I liked the first Thor movie, but I didnít love it. My main concerns were:
Jane Foster had nothing to do. She was a cypher. No reason for Thor to have any interest in her beyond the physical. Lokiís motivations were not well communicated. Somewhere between script and final cut his story arc got confused, undercutting a great performance with some odd in-plot actions. The Asgardian cast, especially Sif and the Warriors Three, were woefully underused and played no part in the final resolution on Asgard. They were forgotten. Thorís boss level fights with both the Destroyer and Loki were too easy.
Clearly, someone on the scripting team of Thor 2 had the same worries. The Dark World learns from the first movie, building on its successes, avoiding most of its mistakes. The end result is a very strong, engaging film that can properly be described as a spectacular.
Tom Hiddleston did a marvelous job again of stealing every scene Loki was in, and even a couple he wasnít.
The battles were well handled, with clear choreography and good effects. Each was given a different style and rhythm, which helped define separate conflicts with different stakes and perils.
One of the nicest things about this movie is the grace-note reintroductions of pretty much all of the cast. Each is defined in just a few seconds, be it of action, comedy, drama or whatever. Then almost everybody got another, different moment that offered their characters more depth.
Special commendation goes to Dr. Selvigís live-TV Stonehenge streak and his lecture on the Nine Worlds.
My Thor 1 problems didnít recur. The Jane Foster issue was neatly solved by having her stumble across the main plot, then absorb the Maguffin of Doom so she became the football that everyone was fighting to hold. Jane got to do heroic stuff, she was able to interact with pretty much the entire cast this time due to an extended Asgard trip, and she played a key role in beating the baddie at the end. Job done. I still prefer Sif, though.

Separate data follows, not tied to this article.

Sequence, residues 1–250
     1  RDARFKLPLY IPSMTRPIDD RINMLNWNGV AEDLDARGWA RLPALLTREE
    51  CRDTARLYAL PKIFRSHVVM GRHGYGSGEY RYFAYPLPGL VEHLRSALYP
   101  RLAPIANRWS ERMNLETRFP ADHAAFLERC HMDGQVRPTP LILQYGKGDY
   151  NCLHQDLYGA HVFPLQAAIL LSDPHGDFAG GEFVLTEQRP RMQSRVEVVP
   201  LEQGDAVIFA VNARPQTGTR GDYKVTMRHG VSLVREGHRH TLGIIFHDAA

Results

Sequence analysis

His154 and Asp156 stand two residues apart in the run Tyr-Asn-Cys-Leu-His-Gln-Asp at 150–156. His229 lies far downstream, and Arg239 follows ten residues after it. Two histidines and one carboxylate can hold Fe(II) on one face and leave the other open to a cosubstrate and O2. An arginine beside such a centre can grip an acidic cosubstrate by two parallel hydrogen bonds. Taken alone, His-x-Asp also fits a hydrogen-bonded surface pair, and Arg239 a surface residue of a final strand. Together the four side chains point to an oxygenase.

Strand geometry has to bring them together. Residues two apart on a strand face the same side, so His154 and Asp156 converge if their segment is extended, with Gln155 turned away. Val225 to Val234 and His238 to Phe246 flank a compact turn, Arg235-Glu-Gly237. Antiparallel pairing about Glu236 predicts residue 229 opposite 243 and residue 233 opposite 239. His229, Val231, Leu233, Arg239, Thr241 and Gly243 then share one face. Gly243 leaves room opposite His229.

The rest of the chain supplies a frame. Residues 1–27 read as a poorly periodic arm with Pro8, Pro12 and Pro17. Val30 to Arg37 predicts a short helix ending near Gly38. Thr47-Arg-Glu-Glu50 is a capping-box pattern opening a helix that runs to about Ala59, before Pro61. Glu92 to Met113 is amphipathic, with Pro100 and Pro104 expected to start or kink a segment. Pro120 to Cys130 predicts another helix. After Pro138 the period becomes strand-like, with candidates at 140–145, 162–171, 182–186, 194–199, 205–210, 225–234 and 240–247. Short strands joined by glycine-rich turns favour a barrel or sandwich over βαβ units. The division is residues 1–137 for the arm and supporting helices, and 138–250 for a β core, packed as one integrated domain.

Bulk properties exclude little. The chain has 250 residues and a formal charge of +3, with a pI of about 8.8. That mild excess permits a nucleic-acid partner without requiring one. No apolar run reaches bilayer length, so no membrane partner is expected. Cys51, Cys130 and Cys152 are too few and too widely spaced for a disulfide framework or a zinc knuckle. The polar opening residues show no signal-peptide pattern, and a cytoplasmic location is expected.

I was particularly struck with how well Tom Hiddleston was able to dominate a scene where unstoppable Kurse was smashing down Asgardians left and right in the background while Loki sat quietly and read a book.
Lokiís arc in this story was far clearer, more emotive, and nuanced, and it set up Thor 3 very well indeed.
I would have liked more time for Fandral, Hogun, and Volstagg. At least Fandral and Volstagg got solo scenes to shine, plus the odd character bit. Hogun got sent home early, and apart from a three-second cutaway near the end is absent from the rest of the movie. Sif had a little more to do, but sheís screaming out for one of those ďMarvel One-ShotĒ shorts that appear as extras on the DVDs. Frigga, Odin, and Heimdall all had reasonable parts which helped the story along in different ways.
Janeís friend Darcy had her role develop through interaction with her sidekick/ intern/ romance interest Ian Boothby, who might as well have been named Shaggy.
Special mention goes to the spaceship assault on Asgard and Thorís final multidimensional showdown with Malekith. The build-up of Mjolnir making its way back to Thor across worlds was a very effective way of amping up to the climax.
The Dark Elves and the Dark World were the weakest part of the film. The Dark World was the most visually uninteresting setting in the movie, a dim grey quarry. Dark elf ships are black CGI knobbles with blue holograms; Iíd say Geiger meets Tron but that would make it sound much more interesting than it was.
Christopher Eccleston was given nothing to do as Malekith. He didnít get to banter, to seduce, to enchant, to trick, or to do anything than play heavy fanatic baddie #1. His motives, choices, and background remain opaque except for another info-dump pre-credits voiceover. It was tell, not show. Waste of a great actor.
Fortunately, despite its title, The Dark World wasnít about Svartalfheim, its inhabitants, or the maguffin they coveted. It was more about responsibility, choice and consequence, and family. Thatís why the Thor/Loki scenes worked so well; Everyone enjoys an archenemies team up against a common foe plotline.
There are some lovely post-credit teases too (two of them), although one seemed to go completely over the heads of the non-comics-literate audience; even more obscure than the Avengers alien saying "To fight them is to court death."
Iím very happy with this movie, which leaves the Asgardian portion of the Marvel movie franchise in fine shape, corrects the problems of the previous outing, and leaves a huge, huge hook for more to follow.
And boy, that Mjolnir is persistent.